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United Airlines Will Let Families Board Early—Again

The Short of It

United Airlines will once again allow families with young children to board early.

The Lowdown

Families flying on United used to be allowed to board early, but they've been forced to board with everyone else since April 2012, when the airline revamped its boarding process. But starting Feb. 15, families with children age 2 and younger will get to settle in their seats before other passengers get on and start vying for prime overhead bin space.

Although family boarding policies vary from airline to airline—some let them go first, while others board families right after first class—United was the last holdout. According to Sandra Pineau-Boddison, United's senior vice president of customers, the move comes as part of a larger effort by the airline to be more attentive to passengers' needs.

"It takes a little bit of the stress out of the travel situation," she told ABC News. "Some things are just the right thing to do."

Here's a roundup of the current U.S. airline family boarding policies:

  • Alaska Airlines: Families with children younger than 2 can board first, before first class and elite customers.
  • American Airlines: Families with children board before first class and elite members upon request only. The age is at the discretion of the gate agent.
  • Delta Airlines: Families with car seats or strollers can board before first class and elite members.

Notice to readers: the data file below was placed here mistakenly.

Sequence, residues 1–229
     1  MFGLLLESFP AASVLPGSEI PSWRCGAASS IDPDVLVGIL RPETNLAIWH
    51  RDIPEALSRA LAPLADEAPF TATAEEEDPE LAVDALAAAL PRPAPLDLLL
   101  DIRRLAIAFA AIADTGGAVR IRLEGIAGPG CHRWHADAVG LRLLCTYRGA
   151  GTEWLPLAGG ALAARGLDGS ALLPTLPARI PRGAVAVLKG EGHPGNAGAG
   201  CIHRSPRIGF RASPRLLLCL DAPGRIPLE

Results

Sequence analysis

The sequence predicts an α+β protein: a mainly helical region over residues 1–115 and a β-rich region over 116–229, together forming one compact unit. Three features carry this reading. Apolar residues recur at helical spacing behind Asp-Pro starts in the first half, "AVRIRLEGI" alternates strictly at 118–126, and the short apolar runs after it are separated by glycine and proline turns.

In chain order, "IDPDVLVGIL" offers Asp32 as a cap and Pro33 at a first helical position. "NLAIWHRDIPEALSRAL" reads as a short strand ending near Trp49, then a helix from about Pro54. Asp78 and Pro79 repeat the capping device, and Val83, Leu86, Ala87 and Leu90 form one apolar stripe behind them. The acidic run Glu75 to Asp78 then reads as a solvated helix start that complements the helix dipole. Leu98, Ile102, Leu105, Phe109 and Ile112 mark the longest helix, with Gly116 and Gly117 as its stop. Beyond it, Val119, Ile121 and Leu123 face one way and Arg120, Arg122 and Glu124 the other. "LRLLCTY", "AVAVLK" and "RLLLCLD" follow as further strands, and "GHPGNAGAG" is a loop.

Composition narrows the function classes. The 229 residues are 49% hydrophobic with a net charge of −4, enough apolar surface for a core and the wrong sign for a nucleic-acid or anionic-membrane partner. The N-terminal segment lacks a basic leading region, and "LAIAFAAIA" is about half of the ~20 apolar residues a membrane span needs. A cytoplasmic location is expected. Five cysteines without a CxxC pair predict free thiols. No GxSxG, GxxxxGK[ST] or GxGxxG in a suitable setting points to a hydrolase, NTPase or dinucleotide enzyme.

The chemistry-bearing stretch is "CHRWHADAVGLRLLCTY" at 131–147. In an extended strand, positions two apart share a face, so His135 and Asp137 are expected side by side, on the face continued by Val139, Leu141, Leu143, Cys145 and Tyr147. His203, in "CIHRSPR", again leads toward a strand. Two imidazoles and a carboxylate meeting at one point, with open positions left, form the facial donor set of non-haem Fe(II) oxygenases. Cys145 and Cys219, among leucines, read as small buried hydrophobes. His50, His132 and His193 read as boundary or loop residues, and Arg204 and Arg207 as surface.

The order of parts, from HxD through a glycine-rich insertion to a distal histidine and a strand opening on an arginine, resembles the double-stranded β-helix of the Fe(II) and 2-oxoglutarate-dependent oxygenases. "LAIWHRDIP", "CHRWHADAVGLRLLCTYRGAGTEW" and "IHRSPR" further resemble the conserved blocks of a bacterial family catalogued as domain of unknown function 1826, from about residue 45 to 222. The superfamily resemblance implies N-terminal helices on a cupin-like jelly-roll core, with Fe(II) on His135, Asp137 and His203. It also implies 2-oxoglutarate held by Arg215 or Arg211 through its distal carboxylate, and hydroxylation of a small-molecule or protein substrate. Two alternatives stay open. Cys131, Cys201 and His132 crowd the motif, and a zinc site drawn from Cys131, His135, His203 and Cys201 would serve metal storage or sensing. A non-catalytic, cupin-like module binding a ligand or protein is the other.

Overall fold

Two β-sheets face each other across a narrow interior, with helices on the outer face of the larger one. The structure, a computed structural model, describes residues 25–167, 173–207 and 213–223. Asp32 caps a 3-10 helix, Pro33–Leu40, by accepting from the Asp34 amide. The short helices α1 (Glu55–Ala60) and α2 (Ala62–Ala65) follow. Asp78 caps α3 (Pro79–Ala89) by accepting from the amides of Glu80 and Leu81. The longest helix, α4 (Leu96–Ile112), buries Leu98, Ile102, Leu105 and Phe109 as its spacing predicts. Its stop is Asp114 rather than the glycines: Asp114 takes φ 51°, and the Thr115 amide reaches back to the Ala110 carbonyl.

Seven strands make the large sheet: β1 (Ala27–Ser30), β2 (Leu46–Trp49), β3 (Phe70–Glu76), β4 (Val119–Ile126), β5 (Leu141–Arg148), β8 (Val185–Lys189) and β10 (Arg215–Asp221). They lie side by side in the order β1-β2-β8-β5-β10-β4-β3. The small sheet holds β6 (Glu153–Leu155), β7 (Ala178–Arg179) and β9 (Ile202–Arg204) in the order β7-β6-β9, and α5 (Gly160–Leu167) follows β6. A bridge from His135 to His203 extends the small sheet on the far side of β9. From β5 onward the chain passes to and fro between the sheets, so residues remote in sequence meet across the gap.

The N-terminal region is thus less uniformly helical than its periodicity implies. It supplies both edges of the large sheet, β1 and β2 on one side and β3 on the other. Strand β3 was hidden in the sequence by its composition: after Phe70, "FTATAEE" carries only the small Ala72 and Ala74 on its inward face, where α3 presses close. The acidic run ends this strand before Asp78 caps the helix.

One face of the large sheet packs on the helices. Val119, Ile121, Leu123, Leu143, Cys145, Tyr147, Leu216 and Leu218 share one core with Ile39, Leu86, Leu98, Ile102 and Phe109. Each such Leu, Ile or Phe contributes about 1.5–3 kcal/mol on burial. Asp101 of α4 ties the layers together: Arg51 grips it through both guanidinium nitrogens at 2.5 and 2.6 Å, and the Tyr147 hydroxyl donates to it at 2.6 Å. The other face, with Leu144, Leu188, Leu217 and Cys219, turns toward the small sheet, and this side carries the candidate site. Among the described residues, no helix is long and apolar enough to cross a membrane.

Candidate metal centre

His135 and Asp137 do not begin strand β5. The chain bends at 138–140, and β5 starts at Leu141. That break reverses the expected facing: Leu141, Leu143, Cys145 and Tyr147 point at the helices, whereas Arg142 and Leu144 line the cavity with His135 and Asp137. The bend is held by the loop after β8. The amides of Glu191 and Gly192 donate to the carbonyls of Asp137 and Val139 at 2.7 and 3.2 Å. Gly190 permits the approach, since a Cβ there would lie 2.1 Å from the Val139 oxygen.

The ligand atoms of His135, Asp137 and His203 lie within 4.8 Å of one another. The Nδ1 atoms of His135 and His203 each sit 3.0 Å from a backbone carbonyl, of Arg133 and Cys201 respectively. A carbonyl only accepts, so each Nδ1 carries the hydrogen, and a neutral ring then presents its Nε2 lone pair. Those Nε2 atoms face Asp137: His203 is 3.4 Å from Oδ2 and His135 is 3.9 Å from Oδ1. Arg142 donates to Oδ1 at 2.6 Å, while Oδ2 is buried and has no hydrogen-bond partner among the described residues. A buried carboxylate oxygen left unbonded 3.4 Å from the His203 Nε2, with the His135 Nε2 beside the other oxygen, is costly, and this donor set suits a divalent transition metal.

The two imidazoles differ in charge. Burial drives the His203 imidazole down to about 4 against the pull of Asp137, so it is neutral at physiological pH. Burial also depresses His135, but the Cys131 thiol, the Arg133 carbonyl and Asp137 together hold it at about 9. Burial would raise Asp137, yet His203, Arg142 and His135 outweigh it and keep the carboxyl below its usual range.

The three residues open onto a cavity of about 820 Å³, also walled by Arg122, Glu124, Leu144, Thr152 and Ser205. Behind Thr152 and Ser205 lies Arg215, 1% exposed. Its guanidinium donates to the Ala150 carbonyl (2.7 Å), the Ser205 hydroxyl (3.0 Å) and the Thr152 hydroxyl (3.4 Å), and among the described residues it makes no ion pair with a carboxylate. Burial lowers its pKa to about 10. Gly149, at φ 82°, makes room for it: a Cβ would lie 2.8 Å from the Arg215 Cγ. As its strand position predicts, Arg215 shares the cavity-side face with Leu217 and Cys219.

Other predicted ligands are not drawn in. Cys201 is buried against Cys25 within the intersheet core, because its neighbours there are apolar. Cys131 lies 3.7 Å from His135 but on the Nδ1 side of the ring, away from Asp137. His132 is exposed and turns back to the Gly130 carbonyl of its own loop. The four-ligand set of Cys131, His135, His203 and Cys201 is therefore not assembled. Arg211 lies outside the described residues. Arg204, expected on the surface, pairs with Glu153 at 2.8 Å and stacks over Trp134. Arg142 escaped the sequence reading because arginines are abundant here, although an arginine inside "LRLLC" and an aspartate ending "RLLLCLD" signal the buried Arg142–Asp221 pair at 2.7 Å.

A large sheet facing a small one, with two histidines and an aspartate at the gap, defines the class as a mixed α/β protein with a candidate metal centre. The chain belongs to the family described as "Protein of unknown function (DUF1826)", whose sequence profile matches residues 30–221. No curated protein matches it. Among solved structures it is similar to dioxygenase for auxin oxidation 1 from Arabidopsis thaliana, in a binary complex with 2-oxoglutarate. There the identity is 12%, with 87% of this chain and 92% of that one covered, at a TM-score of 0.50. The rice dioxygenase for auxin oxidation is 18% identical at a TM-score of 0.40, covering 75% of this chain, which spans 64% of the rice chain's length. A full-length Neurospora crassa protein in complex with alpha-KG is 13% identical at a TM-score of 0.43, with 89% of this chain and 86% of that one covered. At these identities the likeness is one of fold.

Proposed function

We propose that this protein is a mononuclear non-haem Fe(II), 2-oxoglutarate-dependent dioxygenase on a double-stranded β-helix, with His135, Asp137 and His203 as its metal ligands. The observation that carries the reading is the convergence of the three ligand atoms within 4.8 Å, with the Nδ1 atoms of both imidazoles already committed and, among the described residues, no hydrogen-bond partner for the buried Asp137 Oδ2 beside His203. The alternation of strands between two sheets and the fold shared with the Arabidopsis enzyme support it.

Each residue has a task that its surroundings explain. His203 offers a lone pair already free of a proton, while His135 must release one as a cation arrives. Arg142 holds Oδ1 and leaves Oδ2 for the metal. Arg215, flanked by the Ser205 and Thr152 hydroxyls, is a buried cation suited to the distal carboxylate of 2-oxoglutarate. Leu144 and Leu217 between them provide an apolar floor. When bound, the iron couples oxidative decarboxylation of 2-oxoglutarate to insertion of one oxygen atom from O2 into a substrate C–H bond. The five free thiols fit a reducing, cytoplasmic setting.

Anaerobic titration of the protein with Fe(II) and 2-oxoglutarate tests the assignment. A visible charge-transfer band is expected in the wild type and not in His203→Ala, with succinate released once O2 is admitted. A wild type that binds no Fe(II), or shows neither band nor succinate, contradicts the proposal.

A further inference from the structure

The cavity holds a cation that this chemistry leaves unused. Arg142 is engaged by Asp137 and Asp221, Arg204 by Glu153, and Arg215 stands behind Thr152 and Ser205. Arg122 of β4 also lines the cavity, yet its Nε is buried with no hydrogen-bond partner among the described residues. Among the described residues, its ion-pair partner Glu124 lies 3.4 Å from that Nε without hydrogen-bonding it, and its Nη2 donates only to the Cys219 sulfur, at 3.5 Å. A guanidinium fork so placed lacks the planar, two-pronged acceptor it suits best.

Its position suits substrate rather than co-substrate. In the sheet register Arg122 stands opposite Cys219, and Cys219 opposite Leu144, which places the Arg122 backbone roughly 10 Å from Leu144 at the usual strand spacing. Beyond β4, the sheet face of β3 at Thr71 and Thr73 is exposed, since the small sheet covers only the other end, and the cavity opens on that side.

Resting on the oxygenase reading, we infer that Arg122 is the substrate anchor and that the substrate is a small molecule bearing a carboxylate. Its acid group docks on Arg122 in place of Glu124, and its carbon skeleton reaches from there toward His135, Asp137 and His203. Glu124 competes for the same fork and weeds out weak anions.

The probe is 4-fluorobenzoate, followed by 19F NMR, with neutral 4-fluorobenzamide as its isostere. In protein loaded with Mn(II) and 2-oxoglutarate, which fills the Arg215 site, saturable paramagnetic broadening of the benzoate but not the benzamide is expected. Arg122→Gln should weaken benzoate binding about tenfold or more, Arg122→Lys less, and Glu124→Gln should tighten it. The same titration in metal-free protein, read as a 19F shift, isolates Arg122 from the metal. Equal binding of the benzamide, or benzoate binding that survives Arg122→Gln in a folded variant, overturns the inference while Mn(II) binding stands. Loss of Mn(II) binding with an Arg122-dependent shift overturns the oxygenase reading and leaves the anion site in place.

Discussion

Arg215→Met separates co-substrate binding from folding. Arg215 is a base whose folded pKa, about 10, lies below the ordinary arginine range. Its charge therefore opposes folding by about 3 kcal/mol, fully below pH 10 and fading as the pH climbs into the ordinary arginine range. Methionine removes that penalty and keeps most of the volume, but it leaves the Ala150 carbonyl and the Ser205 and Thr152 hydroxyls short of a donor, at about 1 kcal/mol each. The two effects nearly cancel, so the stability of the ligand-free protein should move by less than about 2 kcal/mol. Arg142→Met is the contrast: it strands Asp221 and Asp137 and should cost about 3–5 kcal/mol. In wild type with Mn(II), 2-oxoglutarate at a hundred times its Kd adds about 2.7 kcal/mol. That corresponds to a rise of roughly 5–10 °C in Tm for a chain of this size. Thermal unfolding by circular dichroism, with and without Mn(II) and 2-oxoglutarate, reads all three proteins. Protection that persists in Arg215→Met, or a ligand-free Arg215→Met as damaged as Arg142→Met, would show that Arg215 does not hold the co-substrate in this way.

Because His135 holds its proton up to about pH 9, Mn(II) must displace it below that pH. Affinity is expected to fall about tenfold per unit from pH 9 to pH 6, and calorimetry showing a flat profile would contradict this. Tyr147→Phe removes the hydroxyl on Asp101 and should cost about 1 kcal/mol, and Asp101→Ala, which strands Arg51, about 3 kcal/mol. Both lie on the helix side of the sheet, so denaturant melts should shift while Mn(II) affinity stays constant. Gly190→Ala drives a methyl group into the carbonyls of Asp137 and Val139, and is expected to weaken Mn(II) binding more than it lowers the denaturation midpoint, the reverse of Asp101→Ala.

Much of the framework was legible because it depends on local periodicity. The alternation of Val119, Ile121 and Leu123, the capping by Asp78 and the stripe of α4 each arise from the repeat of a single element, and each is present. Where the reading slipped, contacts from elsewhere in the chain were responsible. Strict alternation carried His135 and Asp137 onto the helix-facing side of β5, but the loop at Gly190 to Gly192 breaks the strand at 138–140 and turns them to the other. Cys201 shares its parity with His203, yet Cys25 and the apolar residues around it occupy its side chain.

• Frontier Airlines: Families with children 3 and younger board after the airline's elite members and those who have paid for extra legroom but before the rest of the plane.
  • JetBlue Airways: Families with children younger than 2 board after elite members and passengers in premium seats but before the rest of the plane.
  • Southwest Airlines: An adult traveling with a child 6 years old or younger may board during Family Boarding, which occurs after the "A'' group has boarded and before the "B'' group begins boarding.
  • Spirit Airlines: Families board after passengers who paid extra to board early and those who purchased space for a carry-on bag in the overhead bin.
  • Virgin America: Families with young children can board after passengers in first class, in the extra legroom seats, who paid for early boarding, who have elite status and who own a Virgin America credit card. They do get to board before other coach passengers.

The Upshot

Traveling with a family isn't always so easy. And obviously not all airlines are created equally when it comes to catering to kids. Knowing what to expect in terms of free snacks, free in-air entertainment, WiFi availability, and boarding policies can be half the battle.

What do you think; are you more likely to fly with United now that families can board first?

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